Tasmania is renowned for its world class Pinot Noir, and it’s no secret that it’s our favourite varietal here at Holm Oak. Pinot Noir pairs beautifully with a range of dishes, though it pairs particularly well with fatty meats and earthy flavours due to its lean acidity and fruit-driven flavour profile.
With this in mind, and an abundance of beets growing in our sensory garden, we were inspired to put this recipe from Chef Neil Perry to the test. It pairs perfectly with our 2019 Estate Pinot Noir.
- 4 large duck legs
- 1 tbsp rock salt
- ½ tsp peppercorns
- 4 bay leaves
- 4 sprigs of thyme
- 2 garlic cloves, peeled
- 250g duck fat
- Pan-fried English spinach, to serve
- 1 small red onion, finely sliced
- ½ tsp sea salt
- ½ tsp peppercorns
- ½ tsp whole allspice
- 1 dried red chilli
- 1 cinnamon stick
- 1 clove
- 2/3 cup red wine vinegar
- ¼ cup apple cider vinegar
- 1/3 cup brown sugar
- 1 large beetroot, cut into matchsticks
- 1 tbsp vino cotto
- Rub salt into the duck legs and place on a rack with a tray underneath. Refrigerate for 3 hours.
- Preheat oven to 120°C.
- Wipe salt from duck legs with a cloth. Place legs and all remaining ingredients except the duck fat in a deep roasting tray.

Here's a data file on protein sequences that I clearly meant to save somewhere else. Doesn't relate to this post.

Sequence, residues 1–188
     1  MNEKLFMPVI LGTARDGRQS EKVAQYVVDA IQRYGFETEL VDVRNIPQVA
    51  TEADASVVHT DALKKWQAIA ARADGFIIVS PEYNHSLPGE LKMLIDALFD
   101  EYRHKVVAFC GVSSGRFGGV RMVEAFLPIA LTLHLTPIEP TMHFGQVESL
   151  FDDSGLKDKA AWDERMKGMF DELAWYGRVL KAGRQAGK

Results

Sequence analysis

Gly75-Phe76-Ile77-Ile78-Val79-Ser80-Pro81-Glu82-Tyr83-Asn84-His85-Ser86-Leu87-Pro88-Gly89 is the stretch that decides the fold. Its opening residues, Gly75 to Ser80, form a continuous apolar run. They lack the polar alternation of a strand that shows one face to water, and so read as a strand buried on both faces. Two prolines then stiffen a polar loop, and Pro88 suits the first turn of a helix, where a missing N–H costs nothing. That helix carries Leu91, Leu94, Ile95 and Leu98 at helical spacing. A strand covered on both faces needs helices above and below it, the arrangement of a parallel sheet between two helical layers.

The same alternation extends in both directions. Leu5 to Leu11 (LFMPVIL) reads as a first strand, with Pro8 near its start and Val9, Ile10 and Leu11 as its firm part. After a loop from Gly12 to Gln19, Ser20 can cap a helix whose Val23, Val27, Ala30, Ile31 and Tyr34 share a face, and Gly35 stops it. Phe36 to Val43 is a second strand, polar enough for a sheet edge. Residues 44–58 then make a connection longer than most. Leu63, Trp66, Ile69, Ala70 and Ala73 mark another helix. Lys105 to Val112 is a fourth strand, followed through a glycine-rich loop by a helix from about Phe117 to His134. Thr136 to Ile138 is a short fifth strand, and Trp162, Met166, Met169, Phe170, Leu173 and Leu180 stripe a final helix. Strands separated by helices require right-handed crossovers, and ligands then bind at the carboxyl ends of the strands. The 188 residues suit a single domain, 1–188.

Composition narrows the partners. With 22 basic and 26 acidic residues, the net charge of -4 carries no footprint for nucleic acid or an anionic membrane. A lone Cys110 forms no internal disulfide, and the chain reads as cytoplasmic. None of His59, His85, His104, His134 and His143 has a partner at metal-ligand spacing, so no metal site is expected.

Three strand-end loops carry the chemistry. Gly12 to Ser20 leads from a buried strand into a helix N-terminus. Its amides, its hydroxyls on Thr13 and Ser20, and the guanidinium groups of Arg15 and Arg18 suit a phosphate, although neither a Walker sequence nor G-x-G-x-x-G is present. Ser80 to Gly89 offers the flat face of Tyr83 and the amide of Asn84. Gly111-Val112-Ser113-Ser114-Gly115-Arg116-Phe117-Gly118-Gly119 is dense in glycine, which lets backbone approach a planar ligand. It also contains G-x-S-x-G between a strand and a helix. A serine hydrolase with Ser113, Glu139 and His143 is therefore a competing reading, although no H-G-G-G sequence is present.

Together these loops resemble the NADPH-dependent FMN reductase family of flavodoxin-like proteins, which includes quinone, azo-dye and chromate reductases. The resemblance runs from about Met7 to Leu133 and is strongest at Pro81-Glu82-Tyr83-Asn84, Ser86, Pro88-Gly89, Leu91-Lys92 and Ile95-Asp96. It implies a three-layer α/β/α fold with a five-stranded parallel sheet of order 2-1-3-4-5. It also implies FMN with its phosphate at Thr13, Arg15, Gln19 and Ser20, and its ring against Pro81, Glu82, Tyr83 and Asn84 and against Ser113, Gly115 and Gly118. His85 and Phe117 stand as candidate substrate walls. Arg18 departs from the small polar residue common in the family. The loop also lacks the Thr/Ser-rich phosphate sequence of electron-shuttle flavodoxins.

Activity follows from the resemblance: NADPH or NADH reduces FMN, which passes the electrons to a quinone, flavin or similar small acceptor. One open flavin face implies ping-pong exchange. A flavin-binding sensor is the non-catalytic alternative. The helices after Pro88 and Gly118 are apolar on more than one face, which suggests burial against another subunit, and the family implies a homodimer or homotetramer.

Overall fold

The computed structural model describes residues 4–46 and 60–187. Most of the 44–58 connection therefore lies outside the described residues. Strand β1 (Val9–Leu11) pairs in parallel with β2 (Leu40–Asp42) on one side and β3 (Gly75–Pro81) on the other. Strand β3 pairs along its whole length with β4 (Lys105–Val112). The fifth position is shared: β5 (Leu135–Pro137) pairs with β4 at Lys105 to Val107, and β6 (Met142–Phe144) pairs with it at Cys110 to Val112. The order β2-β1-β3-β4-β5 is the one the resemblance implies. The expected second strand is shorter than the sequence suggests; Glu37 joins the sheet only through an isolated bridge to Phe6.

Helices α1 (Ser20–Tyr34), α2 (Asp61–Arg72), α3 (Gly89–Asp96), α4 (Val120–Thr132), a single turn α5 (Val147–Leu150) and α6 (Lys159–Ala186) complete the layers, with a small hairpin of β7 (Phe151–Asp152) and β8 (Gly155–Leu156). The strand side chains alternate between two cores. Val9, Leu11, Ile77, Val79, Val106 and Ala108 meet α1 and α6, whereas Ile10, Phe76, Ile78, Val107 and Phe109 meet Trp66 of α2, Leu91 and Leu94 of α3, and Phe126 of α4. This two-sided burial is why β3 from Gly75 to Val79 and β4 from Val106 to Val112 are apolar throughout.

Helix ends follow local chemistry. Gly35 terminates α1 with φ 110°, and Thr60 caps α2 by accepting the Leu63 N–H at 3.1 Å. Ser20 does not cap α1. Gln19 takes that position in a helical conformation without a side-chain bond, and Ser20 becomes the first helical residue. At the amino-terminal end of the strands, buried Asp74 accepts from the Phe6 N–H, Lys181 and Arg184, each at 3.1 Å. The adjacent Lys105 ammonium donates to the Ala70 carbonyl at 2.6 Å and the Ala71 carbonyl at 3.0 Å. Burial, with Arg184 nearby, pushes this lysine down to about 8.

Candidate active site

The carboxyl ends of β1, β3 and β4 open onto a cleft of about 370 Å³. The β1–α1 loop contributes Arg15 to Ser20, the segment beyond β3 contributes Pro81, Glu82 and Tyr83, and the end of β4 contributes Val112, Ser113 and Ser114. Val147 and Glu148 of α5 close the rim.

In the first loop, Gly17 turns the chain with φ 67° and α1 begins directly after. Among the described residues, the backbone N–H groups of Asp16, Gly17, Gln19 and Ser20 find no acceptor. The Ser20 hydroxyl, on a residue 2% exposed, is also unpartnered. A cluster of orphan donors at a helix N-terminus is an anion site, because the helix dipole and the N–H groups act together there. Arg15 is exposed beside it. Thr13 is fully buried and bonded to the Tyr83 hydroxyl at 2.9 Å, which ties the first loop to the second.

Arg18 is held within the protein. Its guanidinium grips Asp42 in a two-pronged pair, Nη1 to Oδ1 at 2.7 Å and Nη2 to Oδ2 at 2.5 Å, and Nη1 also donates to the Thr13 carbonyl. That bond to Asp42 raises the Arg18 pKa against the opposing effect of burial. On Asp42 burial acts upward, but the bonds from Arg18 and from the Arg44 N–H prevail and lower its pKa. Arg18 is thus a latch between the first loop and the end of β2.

- Heat duck fat in a saucepan. When simmering, pour over legs. Cover with foil, place in oven and cook for 3-4 hours, until the duck meat is tender. Ensure the duck fat doesn’t get too hot otherwise the legs will fry and become dry and stringy.
- Remove duck legs from oven. Allow to cool in fat for at least half an hour. Lift out legs with a slotted spoon and drain.
- For the relish, mix onion with salt; allow to soften then squeeze out liquid. Wrap peppercorns, allspice, chilli, cinnamon and clove into muslin cloth.
- Combine vinegars, sugar, spice bag and onion in a small saucepan. Simmer until onion turns translucent. Add beetroot and slowly cook for 5-10 minutes, until beetroot is bright and starting to soften slightly. Remove spice bag. Finish with vino cotto.
- Serve duck with the beetroot relish, English spinach and cracked black pepper.
Image credit: goodfood.com.au. Photo: William Meppem